Zooming in on Microscopy
Irvine, Ca, February 12th, 2014 -- Not even a two-hour, campus-wide power outage could deter the 82 attendees who came to Calit2 last Saturday for a full-day symposium held by the Southern California Society for Microscopy and Microanalysis. The seminar, which focused on hybrid approaches in microscopy, featured a slate of speakers, student posters and presentations, and a tour of Calit2’s Laboratory for Electron and X-ray Instrumentation (LEXI).
“I had a spare projector, which saved the conference,” Jian-Guo Zheng, director of operations at Calit2’s LEXI lab, said of the scheduled electrical outage. “There was no microphone, but everything else was okay.”
The conference was attended by microscopists and students from universities across Southern California, including UCLA, UC Santa Barbara and UC Riverside. And while UC Irvine may have been in the dark for a couple of hours, its graduate students shone brightly, dominating the awards presentation by winning two of the four prizes.
Jesse Angle, a fifth-year doctorate candidate in materials science and engineering, won second place in the poster competition for his efforts at modeling the thermal behavior of multiphase ceramic composite nuclear fuels. Angle uses finite-element modeling of scanning electron microscope images, with the radioactive component included so the thermal conductivity of the fuel can be evaluated.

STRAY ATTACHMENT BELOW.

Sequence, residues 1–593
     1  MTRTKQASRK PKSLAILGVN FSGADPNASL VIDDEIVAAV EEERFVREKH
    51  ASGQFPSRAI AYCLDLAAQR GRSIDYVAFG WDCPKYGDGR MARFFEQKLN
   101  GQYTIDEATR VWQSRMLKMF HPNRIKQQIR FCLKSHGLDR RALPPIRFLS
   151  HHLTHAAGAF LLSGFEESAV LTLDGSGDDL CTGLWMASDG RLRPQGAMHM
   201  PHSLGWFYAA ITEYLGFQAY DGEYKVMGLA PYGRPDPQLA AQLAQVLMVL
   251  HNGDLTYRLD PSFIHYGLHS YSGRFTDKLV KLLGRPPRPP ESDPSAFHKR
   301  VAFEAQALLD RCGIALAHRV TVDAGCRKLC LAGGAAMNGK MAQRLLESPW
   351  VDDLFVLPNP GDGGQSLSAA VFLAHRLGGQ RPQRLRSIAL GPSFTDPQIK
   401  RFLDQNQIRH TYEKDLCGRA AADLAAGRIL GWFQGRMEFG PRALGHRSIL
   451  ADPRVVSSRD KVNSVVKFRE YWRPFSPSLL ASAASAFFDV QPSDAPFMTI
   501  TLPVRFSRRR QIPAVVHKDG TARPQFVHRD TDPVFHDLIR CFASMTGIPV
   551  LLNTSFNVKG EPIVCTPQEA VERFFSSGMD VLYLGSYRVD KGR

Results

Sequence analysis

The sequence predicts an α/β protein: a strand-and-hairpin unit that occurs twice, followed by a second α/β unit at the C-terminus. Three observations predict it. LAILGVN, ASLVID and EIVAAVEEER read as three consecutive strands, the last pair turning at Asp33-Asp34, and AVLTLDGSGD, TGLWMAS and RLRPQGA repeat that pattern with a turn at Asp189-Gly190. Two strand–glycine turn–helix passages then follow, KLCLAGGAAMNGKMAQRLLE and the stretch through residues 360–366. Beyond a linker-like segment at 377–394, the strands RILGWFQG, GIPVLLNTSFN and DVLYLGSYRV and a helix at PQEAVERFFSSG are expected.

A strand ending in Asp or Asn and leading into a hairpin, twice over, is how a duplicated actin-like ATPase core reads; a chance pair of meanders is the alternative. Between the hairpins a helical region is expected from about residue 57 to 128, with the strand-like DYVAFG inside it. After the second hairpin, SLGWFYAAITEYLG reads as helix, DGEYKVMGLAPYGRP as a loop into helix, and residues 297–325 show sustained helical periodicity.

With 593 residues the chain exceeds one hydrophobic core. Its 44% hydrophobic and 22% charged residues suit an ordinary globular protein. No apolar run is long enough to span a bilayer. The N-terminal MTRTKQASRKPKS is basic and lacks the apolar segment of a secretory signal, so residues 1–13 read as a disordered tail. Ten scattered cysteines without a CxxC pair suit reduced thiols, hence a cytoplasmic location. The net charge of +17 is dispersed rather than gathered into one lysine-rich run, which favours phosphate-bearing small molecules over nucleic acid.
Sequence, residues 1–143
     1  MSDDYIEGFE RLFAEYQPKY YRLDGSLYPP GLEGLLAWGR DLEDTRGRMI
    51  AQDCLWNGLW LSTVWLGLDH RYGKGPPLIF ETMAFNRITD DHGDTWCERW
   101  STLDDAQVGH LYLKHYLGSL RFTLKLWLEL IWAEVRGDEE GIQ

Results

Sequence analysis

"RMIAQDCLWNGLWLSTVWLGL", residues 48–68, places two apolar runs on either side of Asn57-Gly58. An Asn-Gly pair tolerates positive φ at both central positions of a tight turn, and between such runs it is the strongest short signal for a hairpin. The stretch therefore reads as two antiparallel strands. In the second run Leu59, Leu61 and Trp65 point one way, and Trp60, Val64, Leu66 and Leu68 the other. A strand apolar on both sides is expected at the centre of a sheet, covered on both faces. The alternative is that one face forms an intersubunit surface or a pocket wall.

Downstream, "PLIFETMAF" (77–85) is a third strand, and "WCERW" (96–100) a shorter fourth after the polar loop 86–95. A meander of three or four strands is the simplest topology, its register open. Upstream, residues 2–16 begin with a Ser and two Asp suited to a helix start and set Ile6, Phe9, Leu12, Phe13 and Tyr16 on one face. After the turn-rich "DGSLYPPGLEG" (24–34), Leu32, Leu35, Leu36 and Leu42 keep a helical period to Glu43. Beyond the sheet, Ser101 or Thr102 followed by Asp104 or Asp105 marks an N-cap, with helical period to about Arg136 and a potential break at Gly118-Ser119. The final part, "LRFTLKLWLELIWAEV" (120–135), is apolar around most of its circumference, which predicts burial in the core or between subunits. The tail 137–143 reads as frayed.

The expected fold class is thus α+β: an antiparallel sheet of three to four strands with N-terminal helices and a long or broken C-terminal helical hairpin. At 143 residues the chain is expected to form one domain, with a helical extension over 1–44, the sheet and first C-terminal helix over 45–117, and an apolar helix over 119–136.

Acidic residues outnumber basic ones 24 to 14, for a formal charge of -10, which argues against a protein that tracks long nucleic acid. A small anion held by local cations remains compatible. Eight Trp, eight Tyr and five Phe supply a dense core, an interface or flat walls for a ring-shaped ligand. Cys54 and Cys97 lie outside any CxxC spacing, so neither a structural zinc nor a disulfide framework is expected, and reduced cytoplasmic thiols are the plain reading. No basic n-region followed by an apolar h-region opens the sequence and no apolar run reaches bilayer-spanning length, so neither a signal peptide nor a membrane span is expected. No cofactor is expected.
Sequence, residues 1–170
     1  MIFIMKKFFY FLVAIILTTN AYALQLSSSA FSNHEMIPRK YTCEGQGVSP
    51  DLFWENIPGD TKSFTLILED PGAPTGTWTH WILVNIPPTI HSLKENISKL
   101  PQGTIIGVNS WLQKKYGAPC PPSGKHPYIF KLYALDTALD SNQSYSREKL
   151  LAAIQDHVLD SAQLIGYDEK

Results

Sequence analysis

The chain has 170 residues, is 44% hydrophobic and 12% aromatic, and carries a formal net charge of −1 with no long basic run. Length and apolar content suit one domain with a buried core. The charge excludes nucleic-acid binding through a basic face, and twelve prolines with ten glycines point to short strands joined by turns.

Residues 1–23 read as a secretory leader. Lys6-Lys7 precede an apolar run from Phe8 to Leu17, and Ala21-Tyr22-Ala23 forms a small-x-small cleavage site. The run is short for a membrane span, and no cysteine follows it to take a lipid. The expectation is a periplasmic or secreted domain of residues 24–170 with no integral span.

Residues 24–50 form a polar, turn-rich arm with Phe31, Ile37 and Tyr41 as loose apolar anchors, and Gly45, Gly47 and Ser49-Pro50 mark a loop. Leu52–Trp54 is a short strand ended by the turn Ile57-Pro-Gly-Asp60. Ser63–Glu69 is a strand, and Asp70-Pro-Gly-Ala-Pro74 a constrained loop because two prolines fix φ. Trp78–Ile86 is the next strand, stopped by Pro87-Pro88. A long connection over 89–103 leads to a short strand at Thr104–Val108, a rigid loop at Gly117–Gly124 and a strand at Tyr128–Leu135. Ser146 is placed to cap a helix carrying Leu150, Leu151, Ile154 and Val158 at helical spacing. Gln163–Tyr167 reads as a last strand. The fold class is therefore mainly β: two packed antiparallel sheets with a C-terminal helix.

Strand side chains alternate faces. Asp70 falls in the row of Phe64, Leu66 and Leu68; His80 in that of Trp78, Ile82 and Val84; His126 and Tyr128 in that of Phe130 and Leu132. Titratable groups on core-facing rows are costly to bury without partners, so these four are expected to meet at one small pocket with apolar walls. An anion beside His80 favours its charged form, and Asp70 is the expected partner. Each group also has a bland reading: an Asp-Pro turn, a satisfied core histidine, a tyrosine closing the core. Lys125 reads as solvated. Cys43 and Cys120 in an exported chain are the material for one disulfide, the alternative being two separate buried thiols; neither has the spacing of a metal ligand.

Chemistry graduate student Yon Joo Kwon beat out four other student presentations to win the best platform award with her study of iron pyrite growth on highly-oriented pyrolytic graphite. Iron pyrite is a promising semiconductor for use in solar cells; Kwon says learning to chemically tailor the material’s surface processes may contribute to increased efficiency in solar devices.
Kwon’s first-place win included a cash prize to support her travel to the Microscopy and Microanalysis national conference next summer in Hartford, Conn. Conference registration fees will also be waived as part of the prize.
“I am very honored to receive this award,” Kwon said. “This helps make the trials and tribulations of graduate school much easier to bear. It shows that with hard work and perseverance we can succeed.”